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Scheherazade: Comics About Love, Treachery, Mothers, and Monstersby Megan Kelso
Synopses & Reviews
For years Megan Kelso wanted to edit an anthology of female cartoonists, but didn't know what would tie it together. A few years ago, she noticed an explosion of younger female cartoonists who were really ambitious and promising, and got this idea to work with them as a very active, hands-on editor, which is all too rare in comics. In Queen Scheherazade of the 1001 Nights, Kelso has found a role model: the archetypal (female) storyteller, cheating death by enthralling her royal captor with new installments of a vast, interconnected story. Like her stories, the tales in this book take on broad human concerns: love, life, death, money, food, shit and treachery, mothers and monsters. (A framing story by Ariel Bordeaux will bookend the collection and thread between all the other stories, which range from 5 to 14 pages each.) But the fact that they are all women is secondary to their promise as important contributors to a new era in the medium of comics, one marked by their energy, their potential, and their ferocity. Further uniting this group is their belief in the story. Scheherazade is a celebration of narrative, the simple, human joy of spinning yarns.
"For this anthology, Kelso has assembled an all-star lineup of women cartoonists — almost all under 35 years old — and given them the mandate to show what they can do. The result is a dizzying variety of work, most of it impressive and some superb. Andrice Arp takes on the 'Scheherazade' theme most literally, adapting a tale from The 1001 Nights that nests stories within stories, and reflecting its structure in her page compositions. Ariel Bordeaux contributes a wordless story whose panels appear between everyone else's pieces. Some of the stories are solemn, like Leela Corman's 'Fanya Needs to Know,' a chapter from her graphic novel-in-progress about an abortionist in early 20th-century Jewish New York; others are cute and whimsical, like Sara Varon's adorable untitled piece about a dog that builds a robot. There are cartoonists who draw on fine art (e.g., Vanessa Davis, whose 'I Wonder Where the Yellow Went' is a series of her fluid autobiographical sketches) and on prose literature (e.g., Gabrielle Bell, who adapts a Kate Chopin story as 'One Afternoon'). Kelso's own contribution, 'The Pickle Fork,' is one of the book's highlights, a dark but loopy narrative, drawn with clean-lined elegance, about a museum of silverware and the people who have to polish it. This notable anthology could launch more than a few careers. (Sept.)" Publishers Weekly (Copyright 2004 Reed Business Information, Inc.)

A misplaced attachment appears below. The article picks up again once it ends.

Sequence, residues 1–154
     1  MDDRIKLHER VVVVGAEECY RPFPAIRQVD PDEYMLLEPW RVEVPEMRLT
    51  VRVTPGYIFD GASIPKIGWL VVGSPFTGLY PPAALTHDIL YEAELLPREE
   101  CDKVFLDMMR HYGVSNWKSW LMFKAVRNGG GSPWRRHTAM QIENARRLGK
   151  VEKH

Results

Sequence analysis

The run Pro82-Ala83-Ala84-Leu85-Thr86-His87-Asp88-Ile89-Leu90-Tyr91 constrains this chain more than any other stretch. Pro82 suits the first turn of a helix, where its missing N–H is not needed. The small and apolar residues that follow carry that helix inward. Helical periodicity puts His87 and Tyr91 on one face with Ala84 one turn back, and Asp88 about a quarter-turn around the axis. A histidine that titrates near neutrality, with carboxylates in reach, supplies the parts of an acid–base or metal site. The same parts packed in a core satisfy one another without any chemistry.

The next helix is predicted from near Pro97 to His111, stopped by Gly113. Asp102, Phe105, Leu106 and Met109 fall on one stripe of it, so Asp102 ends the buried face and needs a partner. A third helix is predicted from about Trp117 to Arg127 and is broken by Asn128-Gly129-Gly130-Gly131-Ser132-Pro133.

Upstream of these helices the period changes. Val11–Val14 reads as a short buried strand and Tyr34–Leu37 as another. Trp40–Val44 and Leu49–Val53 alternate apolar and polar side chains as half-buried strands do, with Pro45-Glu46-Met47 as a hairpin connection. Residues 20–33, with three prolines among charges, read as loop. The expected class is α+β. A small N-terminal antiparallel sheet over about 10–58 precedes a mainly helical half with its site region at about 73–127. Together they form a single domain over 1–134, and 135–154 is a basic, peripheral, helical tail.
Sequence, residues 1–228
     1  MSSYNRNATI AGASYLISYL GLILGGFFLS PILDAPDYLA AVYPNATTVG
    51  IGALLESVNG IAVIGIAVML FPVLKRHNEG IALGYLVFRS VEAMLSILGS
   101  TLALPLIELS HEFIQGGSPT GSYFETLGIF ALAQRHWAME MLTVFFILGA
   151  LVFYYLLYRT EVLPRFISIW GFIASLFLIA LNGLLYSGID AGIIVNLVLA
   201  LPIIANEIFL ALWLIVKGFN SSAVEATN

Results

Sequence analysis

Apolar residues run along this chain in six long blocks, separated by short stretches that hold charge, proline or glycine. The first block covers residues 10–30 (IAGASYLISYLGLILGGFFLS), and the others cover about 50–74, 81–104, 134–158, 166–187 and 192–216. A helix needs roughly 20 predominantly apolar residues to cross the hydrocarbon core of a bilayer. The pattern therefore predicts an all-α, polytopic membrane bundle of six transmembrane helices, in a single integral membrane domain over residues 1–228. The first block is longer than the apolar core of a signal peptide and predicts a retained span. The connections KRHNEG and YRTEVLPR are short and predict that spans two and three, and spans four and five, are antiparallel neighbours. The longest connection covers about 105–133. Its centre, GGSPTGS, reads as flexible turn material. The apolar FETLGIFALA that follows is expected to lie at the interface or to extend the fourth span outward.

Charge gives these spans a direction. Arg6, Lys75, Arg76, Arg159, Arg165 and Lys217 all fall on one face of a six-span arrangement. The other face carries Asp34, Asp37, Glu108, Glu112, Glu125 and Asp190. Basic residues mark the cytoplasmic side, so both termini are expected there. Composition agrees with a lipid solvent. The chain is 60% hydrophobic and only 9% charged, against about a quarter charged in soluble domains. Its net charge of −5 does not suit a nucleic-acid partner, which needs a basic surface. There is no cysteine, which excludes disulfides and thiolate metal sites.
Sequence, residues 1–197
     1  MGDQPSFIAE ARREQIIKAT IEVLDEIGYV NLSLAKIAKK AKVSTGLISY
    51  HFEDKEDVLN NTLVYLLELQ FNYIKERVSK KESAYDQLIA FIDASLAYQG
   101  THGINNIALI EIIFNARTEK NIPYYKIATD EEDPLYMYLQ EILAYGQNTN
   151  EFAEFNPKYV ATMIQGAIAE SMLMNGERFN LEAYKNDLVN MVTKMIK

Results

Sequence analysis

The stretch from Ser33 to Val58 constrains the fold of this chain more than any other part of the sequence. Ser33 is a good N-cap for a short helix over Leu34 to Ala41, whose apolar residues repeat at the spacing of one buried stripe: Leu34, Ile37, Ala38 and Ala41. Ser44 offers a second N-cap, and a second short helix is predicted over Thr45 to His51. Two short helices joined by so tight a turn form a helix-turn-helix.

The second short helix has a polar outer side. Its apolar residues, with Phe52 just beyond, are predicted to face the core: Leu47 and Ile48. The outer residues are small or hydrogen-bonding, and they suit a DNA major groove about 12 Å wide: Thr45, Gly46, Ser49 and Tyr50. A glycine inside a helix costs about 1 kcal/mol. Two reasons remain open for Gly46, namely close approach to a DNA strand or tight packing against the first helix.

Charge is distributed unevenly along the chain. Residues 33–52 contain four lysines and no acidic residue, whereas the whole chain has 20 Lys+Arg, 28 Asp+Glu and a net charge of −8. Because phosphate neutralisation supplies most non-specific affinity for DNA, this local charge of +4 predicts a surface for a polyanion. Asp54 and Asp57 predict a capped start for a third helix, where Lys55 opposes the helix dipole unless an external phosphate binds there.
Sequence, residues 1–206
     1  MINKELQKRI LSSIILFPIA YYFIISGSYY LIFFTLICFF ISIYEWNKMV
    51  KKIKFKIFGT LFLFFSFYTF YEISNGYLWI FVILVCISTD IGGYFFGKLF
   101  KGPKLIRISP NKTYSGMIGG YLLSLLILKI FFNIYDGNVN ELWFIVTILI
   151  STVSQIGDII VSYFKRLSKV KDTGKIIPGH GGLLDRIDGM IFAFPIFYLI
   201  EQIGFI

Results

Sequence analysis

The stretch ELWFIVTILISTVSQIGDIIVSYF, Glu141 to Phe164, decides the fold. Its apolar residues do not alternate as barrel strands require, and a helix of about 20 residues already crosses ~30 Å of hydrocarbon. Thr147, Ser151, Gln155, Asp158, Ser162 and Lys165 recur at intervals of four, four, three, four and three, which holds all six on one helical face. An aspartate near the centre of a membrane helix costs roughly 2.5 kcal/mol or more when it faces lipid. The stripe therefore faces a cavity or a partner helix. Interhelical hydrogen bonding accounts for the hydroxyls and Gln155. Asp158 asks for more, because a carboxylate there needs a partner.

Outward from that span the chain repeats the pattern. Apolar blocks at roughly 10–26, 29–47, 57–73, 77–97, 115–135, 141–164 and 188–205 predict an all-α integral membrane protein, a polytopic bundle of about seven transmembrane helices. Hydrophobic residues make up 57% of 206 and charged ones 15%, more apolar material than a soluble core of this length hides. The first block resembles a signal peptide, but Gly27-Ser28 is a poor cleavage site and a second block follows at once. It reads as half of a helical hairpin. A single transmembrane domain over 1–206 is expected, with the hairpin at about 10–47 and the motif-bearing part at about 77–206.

"Kelso negotiates a tension between the spoken and the unspoken — the communicated and the uncommunicable — that seems to lie at the heart of her interests." Bart Beaty, The Comics Journal
"Megan Kelso's [comics] are smart, smart, smart. [Her artwork] is stately and deliberate, but also conveys a sense of urgency." Marjorie Ingall, Ms.
Energy, ferocity, and a dazzling variety of drawing styles unite and light up the pages of this new anthology, which uses the yarn-spinning skills of Queen Scheherazade as inspiration for unraveling its own stories. Showcasing the work of 23 of the most interesting female graphic novelists working today, both well-loved veterans and new and emerging artists, this collection appeals to devotees of both comics and graphic novels, not to mention those enjoying the third wave of feminism. Contributors include Jennifer Daydreamer, Ellen Forney, Lark Pien, Ariel Shrag, Kelley Seda, and Sara Varon. Framing the book at both ends and threading in between each tale is a story by Ariel Bordeaux, creator of the comics Deep Girl and No Love Lost. The cover is by riot girl Nikki McClure, known for scratching her graphics with an Exacto knife. Not since Twisted Sisters: A Collection of Bad Girl Art has there been an anthology with more female velocity.
Showcasing the work of 23 of the most interesting female graphic novelists working today, this collection uses the yarn-spinning skills of Queen Scheherazade as inspiration for this volume full of female velocity.
About the Author
Megan Kelso was born in Seattle, Washington. She attended the Evergreen State College between 1988 and 1991 where she began drawing comics. In 1993, she was the first woman to win the Xeric Grant, a cash award to self-publishing cartoonists. She self-published six issues of the comicbook Girlhero and in 1998 Highwater Books collected stories from those comics in the book Queen of the Black Black. She is currently serializing a graphic novel called Artichoke Tales, for which she won two Ignatz Awards at the Small Press Expo in 2003.
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